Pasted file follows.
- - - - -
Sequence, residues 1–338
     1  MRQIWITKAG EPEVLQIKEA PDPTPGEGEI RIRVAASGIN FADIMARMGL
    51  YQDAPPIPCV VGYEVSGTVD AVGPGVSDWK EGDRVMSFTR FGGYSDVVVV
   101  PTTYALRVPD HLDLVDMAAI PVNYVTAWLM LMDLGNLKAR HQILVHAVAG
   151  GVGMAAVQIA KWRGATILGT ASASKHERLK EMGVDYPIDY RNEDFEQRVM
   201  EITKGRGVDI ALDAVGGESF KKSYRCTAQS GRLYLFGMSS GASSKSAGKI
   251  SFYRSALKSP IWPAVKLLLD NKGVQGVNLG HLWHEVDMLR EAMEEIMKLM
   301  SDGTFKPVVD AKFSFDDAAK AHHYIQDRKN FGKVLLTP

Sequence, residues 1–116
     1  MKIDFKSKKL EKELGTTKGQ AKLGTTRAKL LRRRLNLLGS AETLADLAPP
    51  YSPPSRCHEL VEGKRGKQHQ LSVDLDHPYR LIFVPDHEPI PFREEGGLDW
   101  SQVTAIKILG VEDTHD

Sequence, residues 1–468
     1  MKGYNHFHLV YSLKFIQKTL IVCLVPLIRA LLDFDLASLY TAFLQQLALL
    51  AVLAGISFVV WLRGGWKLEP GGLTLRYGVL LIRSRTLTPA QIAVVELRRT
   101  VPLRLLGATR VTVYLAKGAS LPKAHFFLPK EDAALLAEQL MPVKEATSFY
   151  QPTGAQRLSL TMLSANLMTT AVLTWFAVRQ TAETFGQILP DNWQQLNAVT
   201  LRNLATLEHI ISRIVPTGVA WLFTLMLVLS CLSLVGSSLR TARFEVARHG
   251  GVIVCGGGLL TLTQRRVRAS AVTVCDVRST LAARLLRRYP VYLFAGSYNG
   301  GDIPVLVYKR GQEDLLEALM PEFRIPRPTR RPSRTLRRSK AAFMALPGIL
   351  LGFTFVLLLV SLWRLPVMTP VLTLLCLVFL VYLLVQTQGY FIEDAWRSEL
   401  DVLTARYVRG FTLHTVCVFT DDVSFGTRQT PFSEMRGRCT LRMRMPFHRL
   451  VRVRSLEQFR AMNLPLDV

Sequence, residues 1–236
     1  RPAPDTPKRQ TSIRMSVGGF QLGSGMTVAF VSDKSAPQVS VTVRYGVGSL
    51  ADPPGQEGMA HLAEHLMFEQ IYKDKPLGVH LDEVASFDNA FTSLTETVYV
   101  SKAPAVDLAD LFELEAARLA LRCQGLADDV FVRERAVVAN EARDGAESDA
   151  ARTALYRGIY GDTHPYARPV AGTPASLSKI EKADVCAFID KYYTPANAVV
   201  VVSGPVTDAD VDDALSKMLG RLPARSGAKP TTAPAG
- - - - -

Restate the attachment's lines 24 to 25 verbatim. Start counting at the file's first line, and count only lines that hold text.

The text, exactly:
Sequence, residues 1–236
     1  RPAPDTPKRQ TSIRMSVGGF QLGSGMTVAF VSDKSAPQVS VTVRYGVGSL